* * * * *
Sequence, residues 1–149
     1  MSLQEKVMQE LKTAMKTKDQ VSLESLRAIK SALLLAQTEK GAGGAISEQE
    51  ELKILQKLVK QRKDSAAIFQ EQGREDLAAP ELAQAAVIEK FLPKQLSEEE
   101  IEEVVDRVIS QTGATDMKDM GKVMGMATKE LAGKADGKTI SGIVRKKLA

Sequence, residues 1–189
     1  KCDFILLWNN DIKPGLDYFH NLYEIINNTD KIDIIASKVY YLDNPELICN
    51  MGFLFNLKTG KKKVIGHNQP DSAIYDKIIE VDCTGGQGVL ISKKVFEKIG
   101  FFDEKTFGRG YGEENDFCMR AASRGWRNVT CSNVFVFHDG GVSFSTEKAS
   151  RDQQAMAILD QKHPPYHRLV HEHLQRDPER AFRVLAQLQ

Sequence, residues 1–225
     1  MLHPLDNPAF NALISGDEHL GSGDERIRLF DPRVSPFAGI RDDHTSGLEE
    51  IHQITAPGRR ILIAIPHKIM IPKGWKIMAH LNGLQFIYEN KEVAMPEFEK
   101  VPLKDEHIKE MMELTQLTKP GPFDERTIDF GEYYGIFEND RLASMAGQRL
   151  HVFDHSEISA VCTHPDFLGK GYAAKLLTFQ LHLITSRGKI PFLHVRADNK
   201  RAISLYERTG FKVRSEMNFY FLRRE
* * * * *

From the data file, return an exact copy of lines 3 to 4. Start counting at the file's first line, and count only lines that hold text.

    51  ELKILQKLVK QRKDSAAIFQ EQGREDLAAP ELAQAAVIEK FLPKQLSEEE
   101  IEEVVDRVIS QTGATDMKDM GKVMGMATKE LAGKADGKTI SGIVRKKLA